You may have a person in your life who sometimes responds with rage that seems out of proportion to situations. Their emotion could be a reaction to a narcissistic injury.
Narcissistic personality disorder (NPD) is a complex mental health condition in which a person might crave admiration, have an inflated sense of superiority, and lack empathy.
What isn’t obvious is the reason behind these behaviors. In some instances, a person with NPD might use these strategies to cover up feelings of vulnerability and low self-worth.
For others, they might appear shy or withdrawn, while internally, they’re boasting about their importance.
These behaviors can make it hard to get along with someone living with NPD. In some cases, they can be sensitive and easily wounded by what they perceive to be psychological threats.
If you know someone living with narcissistic personality disorder, you may have felt hurt by something they’ve done or said. But “narcissistic injury” isn’t referring to what you’ve experienced.
Instead, a narcissistic injury, aka “narcissistic wound,” is what some people with NPD might feel when they encounter criticism, loss, or perceived abandonment.
Even though they may not show it, they may experience humiliation and rejection. It’s their feelings in these situations that may be considered narcissistic injuries.
Rather than express vulnerability and reveal how they feel, they may react with defiance, arguments, and even a narcissistic rage attack.
Wounded narcissistic responses often don’t match the situation. They can be direct attacks through verbal or physical aggression or less confrontational reactions such as walking away during a conversation.
Any situation where you’re the recipient of blame or negativity could be an indication of a narcissistic injury such as:
- explosive arguments
- silent treatment
- false accusations
- physical violence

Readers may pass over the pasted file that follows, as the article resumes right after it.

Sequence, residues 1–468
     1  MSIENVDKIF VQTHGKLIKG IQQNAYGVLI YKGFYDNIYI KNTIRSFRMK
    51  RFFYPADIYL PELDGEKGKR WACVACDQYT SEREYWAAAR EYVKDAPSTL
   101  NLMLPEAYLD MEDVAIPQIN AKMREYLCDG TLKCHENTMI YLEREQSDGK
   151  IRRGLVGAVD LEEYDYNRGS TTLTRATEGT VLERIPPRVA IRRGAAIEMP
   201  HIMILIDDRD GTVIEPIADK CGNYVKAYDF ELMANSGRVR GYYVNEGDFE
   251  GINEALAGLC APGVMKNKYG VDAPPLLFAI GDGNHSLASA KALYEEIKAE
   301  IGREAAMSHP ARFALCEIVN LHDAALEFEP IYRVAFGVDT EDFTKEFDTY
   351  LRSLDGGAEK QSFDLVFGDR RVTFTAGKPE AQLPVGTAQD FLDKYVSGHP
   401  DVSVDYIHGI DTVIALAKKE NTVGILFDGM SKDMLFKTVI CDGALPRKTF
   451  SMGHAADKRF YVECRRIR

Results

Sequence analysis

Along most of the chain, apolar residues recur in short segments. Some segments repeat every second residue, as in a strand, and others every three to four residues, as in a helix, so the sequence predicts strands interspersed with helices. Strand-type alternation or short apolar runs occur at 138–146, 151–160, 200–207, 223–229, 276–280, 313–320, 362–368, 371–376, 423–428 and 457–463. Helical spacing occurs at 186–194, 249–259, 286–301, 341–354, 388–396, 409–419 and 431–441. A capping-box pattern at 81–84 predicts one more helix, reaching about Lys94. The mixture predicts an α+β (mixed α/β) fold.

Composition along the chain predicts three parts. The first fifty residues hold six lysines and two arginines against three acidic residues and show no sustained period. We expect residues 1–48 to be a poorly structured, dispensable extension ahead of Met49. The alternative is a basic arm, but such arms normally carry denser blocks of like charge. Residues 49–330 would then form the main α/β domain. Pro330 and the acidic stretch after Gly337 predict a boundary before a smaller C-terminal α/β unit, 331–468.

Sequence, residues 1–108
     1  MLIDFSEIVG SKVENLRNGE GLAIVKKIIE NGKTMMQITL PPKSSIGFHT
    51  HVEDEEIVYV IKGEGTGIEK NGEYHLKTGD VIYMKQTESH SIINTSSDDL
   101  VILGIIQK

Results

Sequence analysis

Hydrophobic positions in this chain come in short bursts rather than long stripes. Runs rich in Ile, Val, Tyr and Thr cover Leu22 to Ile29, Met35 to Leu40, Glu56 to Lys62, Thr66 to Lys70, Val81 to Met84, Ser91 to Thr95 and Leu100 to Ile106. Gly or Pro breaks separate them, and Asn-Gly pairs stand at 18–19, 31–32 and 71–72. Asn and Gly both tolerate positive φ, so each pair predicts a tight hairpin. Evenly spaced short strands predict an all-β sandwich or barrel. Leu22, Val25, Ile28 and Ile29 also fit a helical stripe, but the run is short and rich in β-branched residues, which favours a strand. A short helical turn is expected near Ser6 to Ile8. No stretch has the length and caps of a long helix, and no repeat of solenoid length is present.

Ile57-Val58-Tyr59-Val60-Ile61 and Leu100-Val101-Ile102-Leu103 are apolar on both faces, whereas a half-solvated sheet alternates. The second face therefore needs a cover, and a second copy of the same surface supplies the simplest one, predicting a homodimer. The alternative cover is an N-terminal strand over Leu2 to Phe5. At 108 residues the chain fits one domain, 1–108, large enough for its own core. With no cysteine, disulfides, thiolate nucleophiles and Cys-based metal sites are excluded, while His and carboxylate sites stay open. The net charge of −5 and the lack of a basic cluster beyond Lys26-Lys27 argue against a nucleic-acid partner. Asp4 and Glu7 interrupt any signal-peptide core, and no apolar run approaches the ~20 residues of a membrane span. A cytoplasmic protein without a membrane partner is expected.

It’s important to note that there are different types of narcissistic personality, and not everyone with a narcissistic personality will experience narcissistic injury.
Not much is known about why someone develops NPD. Some experts believe these traits might be in response to specific situations experienced early in life, such as:
- abuse or neglect during childhood
- unrealistic parental expectations
- excessive pampering and praise from parents
- narcissistic parent or parents
Not everyone with these experiences will develop NPD, though. Genetics, such as a family history of personality disorders, might contribute to this condition.
Brain differences are also involved. People with NPD had less gray matter volume in the left anterior insula, according to a 2013 study. This is the part of the brain responsible for emotional empathy.
Narcissistic injuries are situations that trigger feelings of incompetence or unworthiness. These can include:
- not winning in a competition
- encountering disagreement in a conversation
- an imperfection in something
- having someone not live up to their standards or expectations
- public embarrassment
- being overlooked for a promotion at work
- receiving correction or constructive criticism
While anyone can experience an emotional reaction from an intense situation, even mild events can cause narcissistic injuries for someone with NPD.